Run time: 2 hours 15 minutes
Stars: Yalitza Aparicio, Marina de Tavira, Fernando Grediaga
Director: Alfonso Cuarón
In the autobiographical Roma, master storyteller Alfonso Cuarón (Gravity), 56, sings a cinematic elegy for the privileged and contradictory youth that launched him as an artist. Set in an upper-class Mexico City compound that precisely replicates his own 1970s childhood home, the stunning black-and-white film centers on the family maid, Cleo (a transcendent Yalitza Aparicio in her film debut). It then spirals out to include the fractured family she serves — doctor Antonio (Fernando Grediaga); his academic wife, Sofia (Marina de Tavira in a knife-sharp performance); their kids, for whom Cleo is a mother figure — and the tumultuous times they all, rich and poor, worker and master, inhabit in Mexico's capital.
A Fellini-esque feast for the eyes, the vivid background tableaux — a man shot out of a cannon to wow a shanty-town crowd at a political rally, the beautiful sparks on the horizon heralding a forest fire on an elite estate — unfold in counterpoint to the emotionally ripe central narrative: Cleo's struggle to live a meaningful existence while toiling nonstop, spending her days off watching movies and meeting men.
Cleo is constantly in motion, waking up the kids, scrubbing dog poo from the driveway, hanging laundry on the roof. Meanwhile, the once-stable family she serves is under internal assault. Perhaps lured by the if-it-feels-good-do-it sensibility of the groovy ‘70s, Sr. Antonio has abandoned wife and children on a personal quest for satisfaction, leaving domestic turmoil in his wake. A youngest son's keen eye observes everything, filtered by his anxiety about how the moving parts fit together. We sense his intense love and loyalty, joy and anger, and imperiled sense of security.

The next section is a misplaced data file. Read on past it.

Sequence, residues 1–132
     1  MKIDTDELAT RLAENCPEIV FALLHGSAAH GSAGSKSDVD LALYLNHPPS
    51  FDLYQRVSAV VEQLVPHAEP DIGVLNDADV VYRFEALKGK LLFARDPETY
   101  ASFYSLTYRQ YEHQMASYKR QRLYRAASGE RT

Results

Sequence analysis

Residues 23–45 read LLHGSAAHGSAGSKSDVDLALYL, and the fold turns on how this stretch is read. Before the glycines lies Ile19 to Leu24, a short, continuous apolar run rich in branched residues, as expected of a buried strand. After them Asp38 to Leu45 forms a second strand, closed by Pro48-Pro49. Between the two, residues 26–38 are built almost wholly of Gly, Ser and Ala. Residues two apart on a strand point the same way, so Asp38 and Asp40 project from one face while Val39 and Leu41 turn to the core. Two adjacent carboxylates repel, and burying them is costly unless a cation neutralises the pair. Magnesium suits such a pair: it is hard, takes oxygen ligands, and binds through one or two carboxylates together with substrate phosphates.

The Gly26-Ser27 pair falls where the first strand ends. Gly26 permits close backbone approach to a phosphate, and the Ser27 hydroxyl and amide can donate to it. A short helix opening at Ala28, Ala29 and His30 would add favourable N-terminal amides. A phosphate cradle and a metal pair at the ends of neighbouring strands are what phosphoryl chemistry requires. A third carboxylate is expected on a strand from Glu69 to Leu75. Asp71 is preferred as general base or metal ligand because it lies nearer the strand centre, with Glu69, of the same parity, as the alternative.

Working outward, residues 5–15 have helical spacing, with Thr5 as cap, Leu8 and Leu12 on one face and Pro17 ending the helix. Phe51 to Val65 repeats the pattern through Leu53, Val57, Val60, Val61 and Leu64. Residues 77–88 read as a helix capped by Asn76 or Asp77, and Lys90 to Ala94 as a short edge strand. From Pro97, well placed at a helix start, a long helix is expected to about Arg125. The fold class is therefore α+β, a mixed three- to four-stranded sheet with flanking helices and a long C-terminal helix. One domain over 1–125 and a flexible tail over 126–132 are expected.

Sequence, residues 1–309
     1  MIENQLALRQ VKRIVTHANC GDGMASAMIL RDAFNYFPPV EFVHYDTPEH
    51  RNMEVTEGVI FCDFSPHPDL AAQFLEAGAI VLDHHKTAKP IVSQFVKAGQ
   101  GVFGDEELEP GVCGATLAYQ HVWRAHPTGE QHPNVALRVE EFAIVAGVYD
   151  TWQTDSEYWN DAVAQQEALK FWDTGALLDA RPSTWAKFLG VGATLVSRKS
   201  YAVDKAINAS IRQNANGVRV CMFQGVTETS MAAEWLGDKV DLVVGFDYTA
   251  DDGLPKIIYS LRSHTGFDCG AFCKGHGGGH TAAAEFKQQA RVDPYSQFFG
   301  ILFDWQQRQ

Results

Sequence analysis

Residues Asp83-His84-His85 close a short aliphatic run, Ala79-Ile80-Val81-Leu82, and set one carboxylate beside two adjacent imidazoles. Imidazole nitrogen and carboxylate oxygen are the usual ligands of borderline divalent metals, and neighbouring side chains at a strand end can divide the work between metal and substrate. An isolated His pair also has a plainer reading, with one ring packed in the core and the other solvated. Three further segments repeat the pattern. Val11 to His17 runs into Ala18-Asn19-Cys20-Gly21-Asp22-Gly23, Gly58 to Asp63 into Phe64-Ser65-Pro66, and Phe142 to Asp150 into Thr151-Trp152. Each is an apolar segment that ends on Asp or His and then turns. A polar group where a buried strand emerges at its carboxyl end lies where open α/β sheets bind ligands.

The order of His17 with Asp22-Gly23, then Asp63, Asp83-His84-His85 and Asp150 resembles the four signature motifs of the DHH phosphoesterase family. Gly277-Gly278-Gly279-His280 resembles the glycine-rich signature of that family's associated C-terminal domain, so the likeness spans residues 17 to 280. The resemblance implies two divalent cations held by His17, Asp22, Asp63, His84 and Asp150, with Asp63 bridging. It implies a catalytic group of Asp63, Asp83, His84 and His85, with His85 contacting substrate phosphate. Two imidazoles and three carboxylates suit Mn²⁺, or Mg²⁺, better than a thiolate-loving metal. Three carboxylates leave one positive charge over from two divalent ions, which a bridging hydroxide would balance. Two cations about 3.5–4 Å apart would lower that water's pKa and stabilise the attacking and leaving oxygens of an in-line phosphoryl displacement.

Meanwhile, the adult Cuarón's camera gazes empathetically at both the indigenous woman who raised the boy and the privileged one who gave him life. While he revels in the spectacle of Mexico's teeming life beyond the gates of his family's urban villa, he delicately drafts the personal drama. Unsparing without being judgmental, Cuarón shows how his family members try to isolate themselves but can't escape social change, whether it's the coming student revolution (and the state's murderous crackdown) or a father's devastating betrayals.
Cleo and Sofia bond in part because of their misuse by men and their powerful love for the kids. While there is action aplenty, it's the intimate dramas that pack the punch. The edge-of-one's-seat moments arrive with the traumatic birth of an infant amid the student riots and the wrenching efforts of a caretaker to save children from drowning.
Cuarón has made his most personal film and his most universal, a modern masterpiece, the winner of the Golden Lion at the Venice Film Festival. It's likely to earn him Oscar nominations for best director, original screenplay, cinematography, and several more, and its only obstacle on the road to best picture is the fact that it's also the front-runner for the best foreign film Oscar. Roma will be on Netflix on Dec. 14, but if you have a chance to see it on the big screen, seize it.